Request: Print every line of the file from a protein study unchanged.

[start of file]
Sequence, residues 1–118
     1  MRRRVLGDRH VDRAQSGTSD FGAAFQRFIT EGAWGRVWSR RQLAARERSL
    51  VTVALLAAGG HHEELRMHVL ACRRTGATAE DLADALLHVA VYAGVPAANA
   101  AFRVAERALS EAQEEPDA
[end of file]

Sequence, residues 1–118
     1  MRRRVLGDRH VDRAQSGTSD FGAAFQRFIT EGAWGRVWSR RQLAARERSL
    51  VTVALLAAGG HHEELRMHVL ACRRTGATAE DLADALLHVA VYAGVPAANA
   101  AFRVAERALS EAQEEPDA